destruction of ESI? What are the Debtor’s duties under the Bankruptcy Code, if any,
      concerning the preservation of ESI?

2.    How does the consultant’s review of the documents affect the privileges?

3.    Does sharing corporate documents with the individuals counsel affect the privileges? Who
      holds the privileges?

4.    Does it matter that Shemp used Farengi’s e-mail system to correspond with his personal
      counsel? How will that affect his personal defense?

5.    Does federal common law or state law govern the assertion of privileges in the adversary
      proceeding by the defendant?

6.    What is ESI? What types of data is stored by most business? What is “reasonably usable
      format”? What is “native format”? What is “hosted data” format? How is ESI cost or
      changed when handled? How can ESI be preserved?

7.    How do you manage costs?

8.    Why were phone calls made by counsel (the meet and confer obligation)?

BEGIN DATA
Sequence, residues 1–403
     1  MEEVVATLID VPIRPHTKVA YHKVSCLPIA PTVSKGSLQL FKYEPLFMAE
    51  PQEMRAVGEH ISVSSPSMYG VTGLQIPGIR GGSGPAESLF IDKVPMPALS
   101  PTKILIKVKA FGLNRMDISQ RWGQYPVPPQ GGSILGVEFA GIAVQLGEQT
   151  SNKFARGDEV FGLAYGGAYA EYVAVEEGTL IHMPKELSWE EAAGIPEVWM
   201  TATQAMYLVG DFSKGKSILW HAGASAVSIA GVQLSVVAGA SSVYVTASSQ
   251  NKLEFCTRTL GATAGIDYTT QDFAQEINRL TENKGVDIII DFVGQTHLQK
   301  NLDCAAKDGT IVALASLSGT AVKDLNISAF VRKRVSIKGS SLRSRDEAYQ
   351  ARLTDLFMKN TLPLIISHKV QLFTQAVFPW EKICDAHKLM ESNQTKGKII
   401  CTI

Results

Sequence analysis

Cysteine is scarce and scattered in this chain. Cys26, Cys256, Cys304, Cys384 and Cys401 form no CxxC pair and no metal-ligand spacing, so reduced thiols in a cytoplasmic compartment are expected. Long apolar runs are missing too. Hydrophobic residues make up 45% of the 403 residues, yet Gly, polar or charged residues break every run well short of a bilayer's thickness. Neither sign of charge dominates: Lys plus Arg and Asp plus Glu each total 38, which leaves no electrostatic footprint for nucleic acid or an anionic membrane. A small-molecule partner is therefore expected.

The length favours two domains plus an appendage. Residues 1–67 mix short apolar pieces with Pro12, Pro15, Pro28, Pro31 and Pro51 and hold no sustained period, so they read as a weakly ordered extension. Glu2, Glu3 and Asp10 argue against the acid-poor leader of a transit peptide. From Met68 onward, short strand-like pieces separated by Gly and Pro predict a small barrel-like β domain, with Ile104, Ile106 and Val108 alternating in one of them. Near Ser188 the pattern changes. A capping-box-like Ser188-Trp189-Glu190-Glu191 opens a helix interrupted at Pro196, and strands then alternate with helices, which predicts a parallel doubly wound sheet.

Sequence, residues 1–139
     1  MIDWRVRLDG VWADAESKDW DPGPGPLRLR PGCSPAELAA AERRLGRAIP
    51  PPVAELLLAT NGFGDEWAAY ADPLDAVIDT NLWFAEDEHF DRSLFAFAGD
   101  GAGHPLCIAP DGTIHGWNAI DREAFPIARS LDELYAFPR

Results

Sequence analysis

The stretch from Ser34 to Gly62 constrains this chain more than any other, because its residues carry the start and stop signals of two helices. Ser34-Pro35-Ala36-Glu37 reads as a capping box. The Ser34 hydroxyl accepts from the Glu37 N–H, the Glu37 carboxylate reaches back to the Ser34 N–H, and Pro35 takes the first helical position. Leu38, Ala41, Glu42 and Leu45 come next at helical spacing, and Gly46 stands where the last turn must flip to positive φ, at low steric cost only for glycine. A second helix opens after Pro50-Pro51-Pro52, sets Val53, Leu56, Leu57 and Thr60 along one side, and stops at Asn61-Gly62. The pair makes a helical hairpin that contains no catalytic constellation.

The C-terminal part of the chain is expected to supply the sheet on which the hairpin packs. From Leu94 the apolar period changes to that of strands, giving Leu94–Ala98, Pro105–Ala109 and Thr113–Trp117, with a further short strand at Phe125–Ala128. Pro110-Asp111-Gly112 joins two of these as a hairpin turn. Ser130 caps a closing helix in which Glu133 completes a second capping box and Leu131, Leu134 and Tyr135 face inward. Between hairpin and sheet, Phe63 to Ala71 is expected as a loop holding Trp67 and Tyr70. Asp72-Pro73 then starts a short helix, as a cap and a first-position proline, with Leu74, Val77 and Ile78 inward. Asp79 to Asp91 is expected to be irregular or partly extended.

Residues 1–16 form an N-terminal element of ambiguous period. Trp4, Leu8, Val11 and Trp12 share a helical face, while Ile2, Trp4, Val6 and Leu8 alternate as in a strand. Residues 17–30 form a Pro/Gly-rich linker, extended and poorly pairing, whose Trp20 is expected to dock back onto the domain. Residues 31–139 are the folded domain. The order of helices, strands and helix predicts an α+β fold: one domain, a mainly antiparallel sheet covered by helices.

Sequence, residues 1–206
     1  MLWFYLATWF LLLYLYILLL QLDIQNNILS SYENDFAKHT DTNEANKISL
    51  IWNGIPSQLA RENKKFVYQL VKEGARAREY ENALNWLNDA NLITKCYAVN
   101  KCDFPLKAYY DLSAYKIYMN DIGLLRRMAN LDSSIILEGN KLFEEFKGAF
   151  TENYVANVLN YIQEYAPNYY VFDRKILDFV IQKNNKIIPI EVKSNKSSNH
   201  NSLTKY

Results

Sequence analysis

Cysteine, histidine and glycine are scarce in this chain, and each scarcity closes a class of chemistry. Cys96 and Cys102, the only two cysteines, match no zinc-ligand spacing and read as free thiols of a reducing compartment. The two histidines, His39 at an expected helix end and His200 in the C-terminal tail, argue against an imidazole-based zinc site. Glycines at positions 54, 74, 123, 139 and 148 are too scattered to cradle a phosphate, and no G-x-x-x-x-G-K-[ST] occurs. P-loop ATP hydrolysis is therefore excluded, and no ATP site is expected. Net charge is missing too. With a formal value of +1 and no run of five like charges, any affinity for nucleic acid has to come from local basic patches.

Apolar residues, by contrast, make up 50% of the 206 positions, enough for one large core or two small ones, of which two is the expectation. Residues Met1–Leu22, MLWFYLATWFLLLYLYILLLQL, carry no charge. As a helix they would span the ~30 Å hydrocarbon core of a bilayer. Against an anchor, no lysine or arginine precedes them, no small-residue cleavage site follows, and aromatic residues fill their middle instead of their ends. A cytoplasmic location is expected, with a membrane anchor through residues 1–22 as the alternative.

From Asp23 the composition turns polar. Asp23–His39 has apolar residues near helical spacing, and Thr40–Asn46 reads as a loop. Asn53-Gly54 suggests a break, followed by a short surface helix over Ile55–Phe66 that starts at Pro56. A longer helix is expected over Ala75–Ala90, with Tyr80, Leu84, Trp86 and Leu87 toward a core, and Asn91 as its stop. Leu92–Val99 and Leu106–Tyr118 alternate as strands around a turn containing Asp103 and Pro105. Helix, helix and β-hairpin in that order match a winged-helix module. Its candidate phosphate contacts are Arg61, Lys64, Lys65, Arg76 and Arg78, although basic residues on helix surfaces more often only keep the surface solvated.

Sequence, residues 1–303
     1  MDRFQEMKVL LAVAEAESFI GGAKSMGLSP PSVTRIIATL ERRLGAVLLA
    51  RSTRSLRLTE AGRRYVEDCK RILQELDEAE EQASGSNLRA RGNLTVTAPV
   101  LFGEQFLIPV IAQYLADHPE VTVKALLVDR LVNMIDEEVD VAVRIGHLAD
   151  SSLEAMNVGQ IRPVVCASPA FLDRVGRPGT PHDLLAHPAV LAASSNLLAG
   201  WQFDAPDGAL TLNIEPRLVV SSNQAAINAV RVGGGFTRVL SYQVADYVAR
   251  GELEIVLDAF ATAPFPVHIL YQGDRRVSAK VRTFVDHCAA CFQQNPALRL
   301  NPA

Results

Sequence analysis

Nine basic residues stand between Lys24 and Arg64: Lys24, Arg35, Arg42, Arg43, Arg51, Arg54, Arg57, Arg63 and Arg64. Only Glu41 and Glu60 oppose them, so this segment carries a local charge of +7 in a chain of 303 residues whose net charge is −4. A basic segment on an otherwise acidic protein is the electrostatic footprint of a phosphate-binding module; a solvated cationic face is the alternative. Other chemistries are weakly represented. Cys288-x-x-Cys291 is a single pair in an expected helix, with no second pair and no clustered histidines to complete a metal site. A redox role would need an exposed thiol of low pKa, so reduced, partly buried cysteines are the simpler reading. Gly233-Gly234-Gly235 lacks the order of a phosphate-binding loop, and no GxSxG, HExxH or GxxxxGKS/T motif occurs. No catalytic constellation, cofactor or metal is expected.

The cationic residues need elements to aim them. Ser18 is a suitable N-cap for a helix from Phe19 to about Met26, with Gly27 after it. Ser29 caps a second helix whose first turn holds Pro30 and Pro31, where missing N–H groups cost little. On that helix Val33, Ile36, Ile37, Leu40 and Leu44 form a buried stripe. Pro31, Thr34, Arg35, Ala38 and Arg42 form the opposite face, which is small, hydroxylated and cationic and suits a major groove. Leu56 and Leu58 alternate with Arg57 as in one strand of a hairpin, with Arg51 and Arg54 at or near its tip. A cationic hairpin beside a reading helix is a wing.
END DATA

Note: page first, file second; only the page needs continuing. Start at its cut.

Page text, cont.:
Retention and destruction: Rule 37(f)
             Accessibility Rule 26(b)(2)(B) – the two tiered system

9.    What will accountants typically seek from a Debtor and “insiders: in terms of data?

10.   How are the privileges affected by an entity’s methods of using and storing ESI, including
      the use of third party providers?




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                                                        ABI 18th Annual Winter Leadership Conference




                                          Ira L. Herman
                                Partner, Thompson & Knight LLP
                     919 Third Avenue, 39th Floor, New York, NY 10022-3915
                                212.751.3045, Fax 212.751.3113
                                     Ira.Herman@tklaw.com


Ira L. Herman is a Partner in the Firm’s Corporate Reorganization and Creditors’ Rights practice
group. He focuses his practice on the representation of secured and unsecured creditor interests,
debtors, committees, purchasers, indenture trustees, and Chapter 11 and 7 trustees in business
bankruptcy cases, restructuring transactions, and workouts. He has extensive experience with
litigation involving debtor-in-possession financing, cash collateral, executory contracts and unexpired
leases, and voidable transfers, including claims asserted against insiders relating to corporate
governance matters. Additionally, he has regularly been called upon to address insolvency law issues